Detection of Autism Spectrum Disorders in Children Aged 4-6 Years By Municipal Maternal and Child Health Physicians: An Educational Intervention Study

Thursday, May 11, 2017: 5:30 PM-7:00 PM
Golden Gate Ballroom (Marriott Marquis Hotel)
M. Neukerk1, M. van 't Hof1,2, J. T. Bailly1, H. W. Hoek2,3 and W. A. Ester2,4, (1)Sarr Expert Centre for Autism, Lucertis Child and Adolescence Psychiatry, Rotterdam, Netherlands, (2)Parnassia Psychiatric Institute, The Hague, Netherlands, (3)Department of Psychiatry, University Medical Center Groningen, University of Groningen, Groningen, Netherlands, (4)Sarr Expert Centre for Autism, Lucertis Child- & Adolecent Psychiatry, Rotterdam, Netherlands, Rotterdam, Netherlands
Background: The transition into primary school at age 4 can be challenging for children with autism spectrum disorders (ASD). Due to the new demands that are made to children in this period, their limitations in social functioning and school achievements may manifest and appear faster. Detection of possible ASD signals takes mainly place by parents, teachers and during obligatory municipal maternal and child health centre visits in The Netherlands.

Physicians of municipal maternal and child health centres have limited education and instruments to detect ASD. Further education on detecting ASD is needed to optimally equip these doctors for this task. Most research aims to increase the early detection of ASD in children aged 0-3 years and shows positive results. However, there is a lack of research on educational interventions to detect ASD in children aged 4-6 years by municipal maternal and child health physicians.

Objectives: To explore the effect of the online educational intervention: Detection of ASD in children aged 4-6 years for municipal maternal and child health physicians. This intervention is developed within the project “Reach-Aut Academic Centre for Autism; Transitions in education”, and will be available throughout The Netherlands.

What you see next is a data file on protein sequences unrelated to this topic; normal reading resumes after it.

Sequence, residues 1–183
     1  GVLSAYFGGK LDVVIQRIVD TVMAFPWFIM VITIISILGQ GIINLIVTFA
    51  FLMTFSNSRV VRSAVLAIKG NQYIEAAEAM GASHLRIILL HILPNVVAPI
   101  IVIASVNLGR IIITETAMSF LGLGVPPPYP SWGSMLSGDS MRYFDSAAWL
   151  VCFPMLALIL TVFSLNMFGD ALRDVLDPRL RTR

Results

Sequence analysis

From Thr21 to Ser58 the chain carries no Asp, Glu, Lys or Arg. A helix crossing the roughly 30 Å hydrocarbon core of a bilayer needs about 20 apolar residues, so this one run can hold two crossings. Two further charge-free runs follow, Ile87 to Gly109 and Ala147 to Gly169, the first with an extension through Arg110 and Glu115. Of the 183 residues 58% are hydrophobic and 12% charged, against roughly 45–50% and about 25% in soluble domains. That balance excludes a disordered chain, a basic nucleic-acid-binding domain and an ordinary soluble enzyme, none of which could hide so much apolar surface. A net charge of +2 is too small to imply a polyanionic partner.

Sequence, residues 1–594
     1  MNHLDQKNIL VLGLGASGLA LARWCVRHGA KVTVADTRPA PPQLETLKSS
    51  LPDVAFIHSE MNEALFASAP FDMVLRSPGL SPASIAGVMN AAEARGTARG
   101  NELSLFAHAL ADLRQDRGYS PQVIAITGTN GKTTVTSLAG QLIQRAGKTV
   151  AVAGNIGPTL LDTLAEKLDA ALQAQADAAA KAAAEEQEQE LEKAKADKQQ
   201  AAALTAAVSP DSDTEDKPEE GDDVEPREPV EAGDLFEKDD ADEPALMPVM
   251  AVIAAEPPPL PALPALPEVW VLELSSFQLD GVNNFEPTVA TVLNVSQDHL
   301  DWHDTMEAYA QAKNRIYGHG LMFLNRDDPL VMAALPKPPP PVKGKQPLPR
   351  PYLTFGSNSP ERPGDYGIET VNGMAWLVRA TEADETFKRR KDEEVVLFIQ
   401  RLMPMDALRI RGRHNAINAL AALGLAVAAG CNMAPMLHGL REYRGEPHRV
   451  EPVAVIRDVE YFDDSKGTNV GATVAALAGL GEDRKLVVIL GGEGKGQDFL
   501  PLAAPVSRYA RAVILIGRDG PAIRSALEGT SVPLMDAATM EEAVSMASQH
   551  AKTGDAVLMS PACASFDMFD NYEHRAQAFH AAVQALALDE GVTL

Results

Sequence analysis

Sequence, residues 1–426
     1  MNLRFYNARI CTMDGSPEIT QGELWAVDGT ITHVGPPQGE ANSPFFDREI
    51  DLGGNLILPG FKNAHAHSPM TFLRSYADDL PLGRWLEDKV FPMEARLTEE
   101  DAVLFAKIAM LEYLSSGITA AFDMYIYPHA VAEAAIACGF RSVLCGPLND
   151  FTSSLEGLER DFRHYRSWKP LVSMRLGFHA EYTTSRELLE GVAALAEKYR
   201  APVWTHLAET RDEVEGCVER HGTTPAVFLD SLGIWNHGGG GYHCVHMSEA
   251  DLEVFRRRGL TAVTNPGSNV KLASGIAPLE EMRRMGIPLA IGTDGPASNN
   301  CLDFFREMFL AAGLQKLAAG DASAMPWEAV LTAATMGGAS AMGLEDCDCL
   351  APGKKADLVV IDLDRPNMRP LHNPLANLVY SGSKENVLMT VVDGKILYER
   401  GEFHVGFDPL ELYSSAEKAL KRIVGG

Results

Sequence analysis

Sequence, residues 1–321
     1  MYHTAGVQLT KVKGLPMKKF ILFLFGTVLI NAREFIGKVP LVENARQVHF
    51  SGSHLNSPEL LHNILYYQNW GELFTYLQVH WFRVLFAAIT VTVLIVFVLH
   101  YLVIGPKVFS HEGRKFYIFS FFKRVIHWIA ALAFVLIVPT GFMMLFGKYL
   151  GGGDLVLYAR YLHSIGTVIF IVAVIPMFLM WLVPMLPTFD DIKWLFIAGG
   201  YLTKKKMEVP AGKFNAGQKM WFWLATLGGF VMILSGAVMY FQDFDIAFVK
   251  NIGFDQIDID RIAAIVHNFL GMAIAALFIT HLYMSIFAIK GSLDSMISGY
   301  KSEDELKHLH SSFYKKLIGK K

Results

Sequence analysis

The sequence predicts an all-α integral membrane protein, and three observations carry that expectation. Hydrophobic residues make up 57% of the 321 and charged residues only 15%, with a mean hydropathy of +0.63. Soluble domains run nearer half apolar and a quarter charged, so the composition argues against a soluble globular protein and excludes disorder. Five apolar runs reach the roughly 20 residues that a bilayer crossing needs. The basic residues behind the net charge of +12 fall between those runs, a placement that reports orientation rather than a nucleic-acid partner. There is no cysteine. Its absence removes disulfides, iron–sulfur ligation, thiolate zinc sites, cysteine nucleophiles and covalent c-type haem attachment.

Methods: Ninety-seven participants were invited to participate in the study and consisted of three sessions of each, one and a half hour duration. The sessions were offered through an online interactive classroom. The focus and content has been developed with three groups of stakeholders; autism scientists, clinical practitioners and parents of children with ASD. Outcomes consisted of: 1) knowledge about ASD: signals, early detection, communication with parents and referrals, 2) number of ASD related referrals, 3) attitude towards the mentally ill (CAMI), 4) perceived competency about ASD knowledge and detection skills, and 5) satisfaction about the educational intervention.

Results: Forty-two physicians (95.2 % female, mean age = 41.3 years, SD = 12.5) completed the intervention up till now. Participants scored on the ASD knowledge test (scored 1-10) 6,6 at start and 7,4 after the educational intervention (p<0.01). The perceived competence increased significantly regarding ASD knowledge, recognising signs of ASD, communicating ASD features towards parents and referring towards the proper healthcare. Physicians scored on the CAMI above average on Benevolence (M = 3.80, SD = 0.35) and Community Mental Health Ideology (M = 3.84, SD = 0.43), and below average on Authoritarianism (M = 2.16, SD = 0.35) and Social Restrictiveness (M = 2.13, SD = 0.43). Physicians rated the educational intervention with an average grade of 7.9.

Conclusions: The educational intervention Detection of ASD in children aged 4-6 Years for municipal maternal and child health physicians seems to be effective in increasing knowledge about ASD and perceived competence. Municipal maternal and child health physicians have in general a positive attitude towards the mentally ill. At IMFAR 2017 we will present updated results that include the complete group of participants (N=91).